One of the things I love about shopping in Europe is that when you spend over a certain amount (it depends on the retailer), you are eligible to get the VAT (Value Added Tax) back when you leave the European Union. All you gotta do is ask one of those tax-free forms, present them to customs to get it stamped at the airport and voila, you either get cash or a credit back to your payment card. Taxes in Europe, as you know, are quite high, especially in Scandinavian countries. But what makes it fascinating is that what you see on the price tags in Europe, similar to the Philippines — at least what at shops, is what you’ll be charged at the counter. No ifs, no buts, no nothing. Unlike in America (India is also the same) where sales taxes are added separately. So depending on the US state where you’re shopping at, that $550 shoe suddenly turns into $7,499.99 in a snap of a finger. Don’t even get me started when eating out at restaurants. There you are, amazed how all the prices are as delicious as what’s being served on the menu but when the bill arrives, factor in sales tax and tip/gratuities, that meal for two is like a meal for ten back home. OK, I’m exaggerating, but still.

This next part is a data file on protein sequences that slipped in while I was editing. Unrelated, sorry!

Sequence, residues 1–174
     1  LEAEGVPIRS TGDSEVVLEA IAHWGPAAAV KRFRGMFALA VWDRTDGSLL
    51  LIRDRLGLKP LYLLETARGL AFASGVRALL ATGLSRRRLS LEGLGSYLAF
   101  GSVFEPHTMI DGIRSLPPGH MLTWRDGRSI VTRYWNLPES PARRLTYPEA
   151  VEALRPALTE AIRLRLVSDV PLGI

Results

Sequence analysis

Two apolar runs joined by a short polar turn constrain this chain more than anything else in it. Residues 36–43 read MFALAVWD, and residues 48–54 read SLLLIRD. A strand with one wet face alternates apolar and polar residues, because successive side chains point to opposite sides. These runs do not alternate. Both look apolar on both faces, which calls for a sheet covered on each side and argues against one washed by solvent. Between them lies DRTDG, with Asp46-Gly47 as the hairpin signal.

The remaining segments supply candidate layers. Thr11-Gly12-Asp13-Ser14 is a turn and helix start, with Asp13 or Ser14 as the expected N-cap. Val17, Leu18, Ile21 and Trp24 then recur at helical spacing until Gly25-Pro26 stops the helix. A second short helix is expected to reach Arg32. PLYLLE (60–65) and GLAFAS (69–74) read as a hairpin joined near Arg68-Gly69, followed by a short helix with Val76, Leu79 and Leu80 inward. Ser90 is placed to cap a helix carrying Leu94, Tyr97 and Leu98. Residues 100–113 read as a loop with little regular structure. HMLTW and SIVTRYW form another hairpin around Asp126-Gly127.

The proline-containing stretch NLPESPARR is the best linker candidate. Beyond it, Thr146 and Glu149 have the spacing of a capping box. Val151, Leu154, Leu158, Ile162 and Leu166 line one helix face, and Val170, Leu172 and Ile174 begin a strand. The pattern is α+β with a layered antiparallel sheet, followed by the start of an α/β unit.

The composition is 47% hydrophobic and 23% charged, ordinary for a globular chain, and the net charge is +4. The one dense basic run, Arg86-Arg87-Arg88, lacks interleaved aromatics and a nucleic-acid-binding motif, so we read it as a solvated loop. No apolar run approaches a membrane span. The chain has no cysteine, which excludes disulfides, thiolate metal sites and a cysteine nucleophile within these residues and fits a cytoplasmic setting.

Not too long ago, I spoke to a friend who lives in Los Angeles. She, too, hates these pesky sales taxes. She told me that one way to bypass these sales taxes is to buy something from out of state, like New York — and have it shipped home, in California.
Here’s what I don’t understand. And please forgive my ignorance. Why are we, foreign tourists, subject to sales taxation, when we take our purchases out of the country whereas people who live/buy out of state, get their sales tax waived? Also, why doesn’t America have a sales tax refund system in place? Europe has it. Singapore has it — hello, GST?
Just wondering. That’s all.